A one-word substitution – from “fake” to “alternative” – in last Saturday’s print edition of this column launched a lively social media discussion on fake foods.
Many favorite fakes have been well-marketed to develop brand loyalty regardless of nutritional value. Nobody reads the dietary label on a Twinkie or a can of Spam before reaching for comfort food. Homemade macaroni with four cheese casserole has a hard time competing with the blue box for kids’ approval.
And “alternative milk” rides the aura of good health promoted for a century by images of contented cows and wholesome dairying families.
Fake milk does fill a niche for people who can’t tolerate milk but still want to whiten their coffee, enjoy a bowl of cereal or follow a favorite recipe without triggering a health crisis. They are essential for mothers like Amanda Lassman, of Reardan, whose daughter has a rare condition called FPIES (Food Protein-Induced Enterocolitis Syndrome). She’s forced to be a diligent label reader, working with a clinical dietitian to find the right functional substitute for each typical milk use.
“I can’t think of any fake food we eat any more, other than the vast assortment of ‘fake milks’ in our fridge,” Lassman said. “My biggest issue with milk alternatives for little kiddos is that they’re so low calorie and low/no protein.”
Most consumers don’t have a clinical dietitian on call to advise them on food equivalency. They rely on clear food safety regulations, consistently enforced. According to the FDA, milk is the beverage “obtained by the complete milking of one or more healthy cows.” The FDA has interpreted the definition in guidance documents to include the “lacteal secretions” from alternative dairy animals such as sheep and goats.
According to the FDA, milk does not include look-alike liquids from nuts, hemp, oats, rice, almonds or other plant-based nondairy beverages marketed as substitutes for milk.
“You scream, I scream, we all scream for soybean emulsion” isn’t going to sell a lot of frozen soy milk cones. The other white beverage products have adopted dairy language to describe nondairy beverages by creating compound words. It’s a legalistic way to get around FDA labeling regulations intended to inform and protect consumers.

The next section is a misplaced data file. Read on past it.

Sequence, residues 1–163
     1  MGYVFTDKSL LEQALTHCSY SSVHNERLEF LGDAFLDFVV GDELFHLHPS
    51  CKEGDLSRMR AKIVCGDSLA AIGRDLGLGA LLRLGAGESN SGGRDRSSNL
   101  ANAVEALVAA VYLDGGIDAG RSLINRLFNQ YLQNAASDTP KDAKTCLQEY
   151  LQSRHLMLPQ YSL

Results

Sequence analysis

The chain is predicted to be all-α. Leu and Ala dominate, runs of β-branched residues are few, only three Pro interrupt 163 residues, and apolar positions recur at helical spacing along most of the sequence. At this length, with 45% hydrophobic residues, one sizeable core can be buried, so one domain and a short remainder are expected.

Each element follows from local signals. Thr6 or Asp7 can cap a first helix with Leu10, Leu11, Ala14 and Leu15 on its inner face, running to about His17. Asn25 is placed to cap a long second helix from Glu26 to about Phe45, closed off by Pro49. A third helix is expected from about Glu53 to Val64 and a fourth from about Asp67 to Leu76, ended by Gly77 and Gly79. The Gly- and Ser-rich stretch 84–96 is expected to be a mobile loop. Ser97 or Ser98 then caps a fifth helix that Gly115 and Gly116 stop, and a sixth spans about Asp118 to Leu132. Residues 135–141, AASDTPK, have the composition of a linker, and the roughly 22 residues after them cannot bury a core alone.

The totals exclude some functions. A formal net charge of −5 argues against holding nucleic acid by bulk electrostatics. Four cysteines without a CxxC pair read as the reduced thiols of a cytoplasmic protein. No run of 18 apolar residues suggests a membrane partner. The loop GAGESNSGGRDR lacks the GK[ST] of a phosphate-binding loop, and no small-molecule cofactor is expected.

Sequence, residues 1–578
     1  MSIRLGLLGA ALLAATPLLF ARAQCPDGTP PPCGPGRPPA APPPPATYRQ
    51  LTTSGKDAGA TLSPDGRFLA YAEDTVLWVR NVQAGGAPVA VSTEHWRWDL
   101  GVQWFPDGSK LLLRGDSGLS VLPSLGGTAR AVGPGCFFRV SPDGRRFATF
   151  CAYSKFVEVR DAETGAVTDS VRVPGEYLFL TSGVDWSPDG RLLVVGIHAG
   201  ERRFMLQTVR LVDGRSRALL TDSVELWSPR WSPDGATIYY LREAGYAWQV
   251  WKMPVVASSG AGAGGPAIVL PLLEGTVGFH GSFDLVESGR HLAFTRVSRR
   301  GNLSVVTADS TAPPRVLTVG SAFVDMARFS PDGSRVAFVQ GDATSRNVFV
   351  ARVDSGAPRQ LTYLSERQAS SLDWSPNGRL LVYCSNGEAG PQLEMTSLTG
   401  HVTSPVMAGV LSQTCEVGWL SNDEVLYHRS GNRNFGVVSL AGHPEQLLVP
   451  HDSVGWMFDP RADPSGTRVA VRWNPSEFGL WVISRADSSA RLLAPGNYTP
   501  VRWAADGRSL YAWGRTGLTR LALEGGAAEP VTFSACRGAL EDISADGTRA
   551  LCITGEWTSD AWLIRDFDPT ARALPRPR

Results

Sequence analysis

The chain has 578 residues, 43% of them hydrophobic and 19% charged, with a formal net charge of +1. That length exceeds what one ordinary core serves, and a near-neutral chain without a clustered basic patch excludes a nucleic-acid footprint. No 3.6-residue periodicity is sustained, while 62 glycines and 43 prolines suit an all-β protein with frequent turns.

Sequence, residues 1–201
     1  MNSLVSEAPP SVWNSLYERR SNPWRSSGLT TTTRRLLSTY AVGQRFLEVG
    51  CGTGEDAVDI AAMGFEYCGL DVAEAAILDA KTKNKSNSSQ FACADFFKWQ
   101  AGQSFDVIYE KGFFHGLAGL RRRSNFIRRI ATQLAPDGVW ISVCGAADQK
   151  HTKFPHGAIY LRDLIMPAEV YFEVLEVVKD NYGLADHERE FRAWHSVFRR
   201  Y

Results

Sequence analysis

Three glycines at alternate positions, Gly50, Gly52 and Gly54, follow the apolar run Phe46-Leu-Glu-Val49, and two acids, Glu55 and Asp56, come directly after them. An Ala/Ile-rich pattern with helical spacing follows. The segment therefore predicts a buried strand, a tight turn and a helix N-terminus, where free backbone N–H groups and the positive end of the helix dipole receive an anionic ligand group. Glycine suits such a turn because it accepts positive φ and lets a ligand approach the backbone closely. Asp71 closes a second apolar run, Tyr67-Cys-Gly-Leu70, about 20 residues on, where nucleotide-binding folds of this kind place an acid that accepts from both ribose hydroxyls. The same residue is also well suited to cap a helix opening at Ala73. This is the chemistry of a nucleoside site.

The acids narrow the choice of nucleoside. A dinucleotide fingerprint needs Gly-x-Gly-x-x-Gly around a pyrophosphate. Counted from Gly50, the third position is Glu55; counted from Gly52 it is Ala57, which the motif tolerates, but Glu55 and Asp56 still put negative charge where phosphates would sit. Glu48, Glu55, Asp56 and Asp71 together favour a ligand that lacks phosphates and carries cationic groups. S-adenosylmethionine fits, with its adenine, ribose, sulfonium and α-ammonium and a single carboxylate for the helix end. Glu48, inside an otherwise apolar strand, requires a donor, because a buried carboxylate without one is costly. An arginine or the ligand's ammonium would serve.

And fake milk marketing is driving dairy producers madder than a cow who’s missed her milking time. After several years of fruitlessly pressing the FDA to enforce its own regulations, they turned to Congress. The bipartisan DAIRY PRIDE Act was filed in January 2017 for the purpose of “Defending Against Imitations and Replacements of Yogurt, Milk, and Cheese To Promote Regular Intake of Dairy Everyday.”
The acronym is a substitute for the semantic secretions of one or more industry lobbyists. While DAIRY PRIDE didn’t pass, the directive to the FDA to act was rolled into the 2018 omnibus bill.
It’s not just about milk sales. The National Milk Producers Federation admits “alt-milk” is less than 10 percent of the white beverage market. According to the International Dairy Foods Association, bottled water is the No. 1 competitor for milk in the beverage case. It’s a matter of pride mixed with fear about misleading marketing diluting the long-term value of the branding of milk, cheese and cream as healthy sources of protein and tasty treats.
The marketing campaign to build acceptance of “lab meat” cultured in a vat has started. There will always be holistic differences between meat from cattle finished in a feed lot in Brazil, a range-fed cow managed as part of a healthy ecosystem in Washington, and a burger grown from a few animal cells in a factory anywhere. Many consumers will want to know the difference, although the same people who think chocolate milk comes from brown cows will probably remain clueless.
Multinational corporations and the World Trade Organization have effectively gutted Country of Origin labeling that used to inform consumers on where animals are born, raised and harvested for meat. Livestock producers have learned from the failure to protect COOL and the dairy industry experience, asking USDA to get out in front of regulating fake meat.
Meanwhile, consumers who do know where chocolate milk comes from can keep reading labels and connect directly with local producers whenever possible.
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